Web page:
UPDATE (2:10 p.m.): Potential juror No. 8 has been excused. The state used one of its three strikes.
Potential juror No. 9 is now being questioned by judge.
UPDATE (1:30 p.m.): Following a lunch break, potential juror No. 8, a retired Minneapolis firefighter, is now being questioned during jury selection.
The potential juror clarified their “somewhat negative” impression of Kim Potter, saying it wasn’t so much based on their personal view of Potter, but the situation that happened. They say they can be impartial in the trial.
Judge says she likes that potential juror No. 8 said they are an “open-minded and fair person” in the questionnaire. The potential juror, who was a captain in the fire department, said he always respected the thoughts and opinions of the firefighters in his department. He also said he’d never try to monopolize the conversation.
On protests and demonstrations, the potential juror says it can affect the community in both positive and negative ways.
On Black Lives Matter, the potential juror said they have a “somewhat unfavorable” view and that the group could work harder on violent crime in the Twin Cities.
UPDATE (12:30 p.m.): Three jurors have now been seated in the Kim Potter trial.
The third juror seated spent their 20s touring in a rock band and has had training with a stun gun in the past.
The juror said they rushed their questionnaire and wished they had taken more time with it.
UPDATE (11:55 a.m.): A second juror has been seated in the Kim Potter trial.
The juror indicated they had a negative impression of both Potter and Daunte Wright, but said they could set aside their impressions.
The juror, a teacher, said a student called her “strict but fair.”
UPDATE (11:30 a.m.): A defense attorney for Kim Potter says the former Brooklyn Center police officer will testify in her manslaughter trial.
While questioning a prospective juror, defense attorney Paul Engh said Potter will take the stand.
UPDATE (10:50 a.m.): Potential juror No. 5 has been excused and will not serve on the jury.
The juror said they would do their “civic duty” and do their best to be impartial. They expressed frustration at crime in the Twin Cities, called Black Lives Matter a “Marxist, communist” organization and said if Daunte Wright had listened to directions during the traffic stop, “he would still be with us.”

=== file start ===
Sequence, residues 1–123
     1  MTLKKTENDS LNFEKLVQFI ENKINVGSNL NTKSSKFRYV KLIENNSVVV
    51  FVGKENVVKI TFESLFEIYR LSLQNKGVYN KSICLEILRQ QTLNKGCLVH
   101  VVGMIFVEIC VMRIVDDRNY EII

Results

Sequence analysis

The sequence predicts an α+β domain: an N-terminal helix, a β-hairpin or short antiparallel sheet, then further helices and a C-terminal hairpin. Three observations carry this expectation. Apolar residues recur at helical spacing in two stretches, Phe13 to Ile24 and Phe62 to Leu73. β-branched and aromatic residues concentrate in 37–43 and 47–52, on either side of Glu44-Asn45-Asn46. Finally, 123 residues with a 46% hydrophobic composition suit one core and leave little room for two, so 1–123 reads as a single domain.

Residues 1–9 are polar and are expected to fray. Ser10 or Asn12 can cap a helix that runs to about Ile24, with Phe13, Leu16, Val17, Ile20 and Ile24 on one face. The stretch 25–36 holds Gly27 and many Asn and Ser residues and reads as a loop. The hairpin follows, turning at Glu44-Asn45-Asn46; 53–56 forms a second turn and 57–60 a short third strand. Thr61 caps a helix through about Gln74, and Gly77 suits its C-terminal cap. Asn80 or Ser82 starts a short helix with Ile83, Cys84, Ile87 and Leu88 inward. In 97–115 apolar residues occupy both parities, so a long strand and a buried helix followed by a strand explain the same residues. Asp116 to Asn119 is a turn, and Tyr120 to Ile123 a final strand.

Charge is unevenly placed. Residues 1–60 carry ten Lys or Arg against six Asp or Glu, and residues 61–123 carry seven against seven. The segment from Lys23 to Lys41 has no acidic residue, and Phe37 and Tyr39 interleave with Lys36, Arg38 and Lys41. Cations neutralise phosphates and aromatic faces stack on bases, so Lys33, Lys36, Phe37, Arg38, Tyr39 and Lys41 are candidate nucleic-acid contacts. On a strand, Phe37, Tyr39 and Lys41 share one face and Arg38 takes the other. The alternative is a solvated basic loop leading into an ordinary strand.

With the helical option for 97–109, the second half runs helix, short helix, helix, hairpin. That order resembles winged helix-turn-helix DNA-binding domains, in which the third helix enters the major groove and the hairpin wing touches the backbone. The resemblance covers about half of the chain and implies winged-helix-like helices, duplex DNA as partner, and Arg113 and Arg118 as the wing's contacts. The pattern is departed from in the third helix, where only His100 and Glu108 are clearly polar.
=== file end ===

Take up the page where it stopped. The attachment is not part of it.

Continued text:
UPDATE (10:15 a.m.): Prospective juror No. 4 has been excused and will not serve on the jury.
The juror indicated on their questionnaire they had a “very negative” impression of Kim Potter and “neutral” impression of Daunte Wright.
UPDATE (9:58 a.m.): Potential juror No. 2, the first prospective juror questioned, will serve on the jury in Kim Potter’s trial.
The juror was questioned by Judge Regina Chu, defense attorney Earl Gray and prosecutor Matthew Frank.
UPDATE (9:40 a.m.): Judge Regina Chu has begun questioning potential jurors individually, beginning with prospective juror No. 2.
UPDATE (9:10 a.m.): Judge Regina Chu has brought in the first panel of prospective jurors in the trial for Kim Potter, the former Brooklyn Center police officer who shot and killed Daunte Wright.
Twelve jurors and two alternates will be selected.
MINNEAPOLIS (WCCO) — Tuesday morning, lawyers and a judge will begin selecting the jury that will decide the fate of former Brooklyn Center police officer Kim Potter.
Potter, who is white, shot and killed 20-year-old Daunte Wright, who was Black, during a traffic stop in April. She is charged with first- and second-degree manslaughter.
The police chief at the time said Potter meant to use her Taser, but grabbed her gun. Both Potter and Chief Tim Gannon resigned after Wright’s killing, and the Brooklyn Center City Council fired the city manager.
Criminal defense attorney Joe Tamburino, who is not affiliated with the case, said the prosecution will have to prove different things for each manslaughter charge.
“In both cases, we’re dealing with recklessness or negligence. And for the first-degree manslaughter, that means that there’s an underlying offense. In this case, they’re alleging misdemeanor mishandling of a firearm,” he said. “For the second-degree, they’re just stating that it is reckless or extreme negligence. So for the second one, they would have to show that Ms. Potter was extremely negligent when she did the act. For the first-degree, they would have to show not only was she negligent, but also, she did an underlying crime, meaning the misdemeanor mishandling of a weapon.”
Tamburino said jury selection in a high-profile case such as this one presents its own challenges.
“It’s going to be difficult,” he said, “because many people have seen this video, many people know the situation, so the issue will become this: regardless as to whether or not someone has seen the videos, read about the case, heard about the case, can they put that all aside and try to be a fair and impartial juror? That’s the person that they want to find.”
Wright’s killing, which happened during the trial for Derek Chauvin, who was eventually convicted of murdering George Floyd, ignited several nights of protests in the city, mostly centered around the police station. Protests spilled into other parts of the Twin Cities as well.
The city sent out a release ahead of jury selection, saying it “has been working with residents, community organizations, and all department leaders in preparing for the trial and peaceful protesting.”
The city said it has implemented measures such as “identifying space for peaceful protesting,” “utilizing space and distance to de-escalate tension in the protest area” and adding patrols from outside law enforcement agencies.
On Monday night, the city council failed to pass a measure that would have given the city manager the power to impose curfews. That power will remain with Mayor Mike Elliott.
The city council also debated re-allocating more than $1 million from the police department toward policing reforms.